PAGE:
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After They Closed the Gates : Jewish Illegal Immigration to the United States, 1921-1965

By: Garland, Libby.
Material type: TextTextSeries: eBooks on Demand.Publisher: Chicago : University of Chicago Press, 2014Description: 1 online resource (299 p.).ISBN: 9780226122595.Subject(s): Emigration and immigration law -- United States -- History -- 20th century | Illegal aliens -- United States -- History -- 20th century | Immigrants -- United States -- History -- 20th century | Jews, European -- United States -- History -- 20th century | United States -- Emigration and immigration -- History -- 20th centuryGenre/Form: Electronic books.Additional physical formats: Print version:: After They Closed the Gates : Jewish Illegal Immigration to the United States, 1921-1965DDC classification: 304.80973 LOC classification: E184.354 .G37 2014Online resources: Click here to view this ebook.
Contents:
Contents; Acknowledgments; Introduction; 1. Building the Apparatus of Immigration Control; 2. American Law, Jewish Solidarity; 3. Smuggling in Jews; 4. Illicit Journeys; 5. Battling Alien Registration; 6. Abolishing the Quotas; Epilogue; Notes; Index
Summary: In 1921 and 1924, the United States passed laws to sharply reduce the influx of immigrants into the country. By allocating only small quotas to the nations of southern and eastern Europe, and banning almost all immigration from Asia, the new laws were supposed to stem the tide of foreigners considered especially inferior and dangerous. However, immigrants continued to come, sailing into the port of New York with fake passports, or from Cuba to Florida, hidden in the holds of boats loaded with contraband liquor. Jews, one of the main targets of the quota laws, figured prominently in the new int
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E184.354 .G37 2014 (Browse shelf) http://uttyler.eblib.com/patron/FullRecord.aspx?p=1645284 Available EBL1645284

Contents; Acknowledgments; Introduction; 1. Building the Apparatus of Immigration Control; 2. American Law, Jewish Solidarity; 3. Smuggling in Jews; 4. Illicit Journeys; 5. Battling Alien Registration; 6. Abolishing the Quotas; Epilogue; Notes; Index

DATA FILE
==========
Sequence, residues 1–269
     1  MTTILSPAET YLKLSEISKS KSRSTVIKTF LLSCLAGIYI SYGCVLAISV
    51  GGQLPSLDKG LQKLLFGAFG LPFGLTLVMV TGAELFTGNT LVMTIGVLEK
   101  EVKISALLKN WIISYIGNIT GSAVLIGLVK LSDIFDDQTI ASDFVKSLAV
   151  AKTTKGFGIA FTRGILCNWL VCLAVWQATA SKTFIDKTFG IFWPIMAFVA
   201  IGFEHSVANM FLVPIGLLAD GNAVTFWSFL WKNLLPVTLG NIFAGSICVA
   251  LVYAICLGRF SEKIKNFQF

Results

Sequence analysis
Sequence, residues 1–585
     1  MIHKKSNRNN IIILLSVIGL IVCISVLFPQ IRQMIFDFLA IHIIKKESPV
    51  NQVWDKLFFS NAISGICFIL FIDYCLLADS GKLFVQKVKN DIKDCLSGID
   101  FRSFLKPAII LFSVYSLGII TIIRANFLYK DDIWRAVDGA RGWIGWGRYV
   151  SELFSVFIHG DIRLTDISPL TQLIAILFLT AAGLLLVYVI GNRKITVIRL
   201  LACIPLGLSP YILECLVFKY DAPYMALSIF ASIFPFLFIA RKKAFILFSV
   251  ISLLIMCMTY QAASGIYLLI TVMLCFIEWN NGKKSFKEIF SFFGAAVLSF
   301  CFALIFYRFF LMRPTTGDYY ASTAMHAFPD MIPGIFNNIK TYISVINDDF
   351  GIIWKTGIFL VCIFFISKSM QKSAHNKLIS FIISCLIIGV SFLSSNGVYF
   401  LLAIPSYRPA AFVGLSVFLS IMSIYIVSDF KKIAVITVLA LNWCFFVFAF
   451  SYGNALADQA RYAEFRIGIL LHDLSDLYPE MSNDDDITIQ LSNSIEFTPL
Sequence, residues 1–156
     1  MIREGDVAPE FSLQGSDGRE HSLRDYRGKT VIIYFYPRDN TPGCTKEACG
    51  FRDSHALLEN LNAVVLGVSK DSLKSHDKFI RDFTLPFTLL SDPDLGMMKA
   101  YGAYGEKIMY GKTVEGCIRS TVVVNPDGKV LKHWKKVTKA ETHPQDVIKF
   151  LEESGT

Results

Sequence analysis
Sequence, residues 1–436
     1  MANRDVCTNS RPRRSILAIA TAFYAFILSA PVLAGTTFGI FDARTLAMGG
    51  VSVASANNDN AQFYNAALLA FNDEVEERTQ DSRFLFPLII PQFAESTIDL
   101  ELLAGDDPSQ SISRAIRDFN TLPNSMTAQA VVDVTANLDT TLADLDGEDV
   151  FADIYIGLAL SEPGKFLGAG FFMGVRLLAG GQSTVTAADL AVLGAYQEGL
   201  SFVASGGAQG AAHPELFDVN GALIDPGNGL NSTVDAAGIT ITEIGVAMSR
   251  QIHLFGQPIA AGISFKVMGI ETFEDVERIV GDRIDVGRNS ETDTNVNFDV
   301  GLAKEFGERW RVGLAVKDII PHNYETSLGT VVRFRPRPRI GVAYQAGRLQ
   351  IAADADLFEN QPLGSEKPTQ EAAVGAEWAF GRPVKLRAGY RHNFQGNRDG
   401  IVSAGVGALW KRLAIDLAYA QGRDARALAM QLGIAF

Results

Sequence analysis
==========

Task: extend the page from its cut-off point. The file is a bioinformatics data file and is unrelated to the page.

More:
In 1921 and 1924, the United States passed laws to sharply reduce the influx of immigrants into the country. By allocating only small quotas to the nations of southern and eastern Europe, and banning almost all immigration from Asia, the new laws were supposed to stem the tide of foreigners considered especially inferior and dangerous. However, immigrants continued to come, sailing into the port of New York with fake passports, or from Cuba to Florida, hidden in the holds of boats loaded with contraband liquor. Jews, one of the main targets of the quota laws, figured prominently in the new int

Description based upon print version of record.

Reviews provided by Syndetics

CHOICE Review

Garland (Kingsborough Community College) examines here for the first time Jewish illegal immigration to the US following the supposed closing of America's gates in 1924. Tens of thousands of Jews entered the US illegally, she argues, and her most significant chapters uncover the hidden processes through which Jews were smuggled. She highlights the tensions facing Jewish leaders torn between solidarity toward fellow Jews and the demands of US law. The author provides background on general attitudes toward immigration, embedding her story in a larger argument concerning "illegal" immigration and nationalism. Garland is aware of the contemporary implications of her work, especially in her rich discussion of Michigan's 1931 Alien Registration Act, but she only alludes to these implications in her epilogue. Otherwise, this is a well-researched if sometimes dry scholarly study. --Jonathan D. Sarna, Brandeis University

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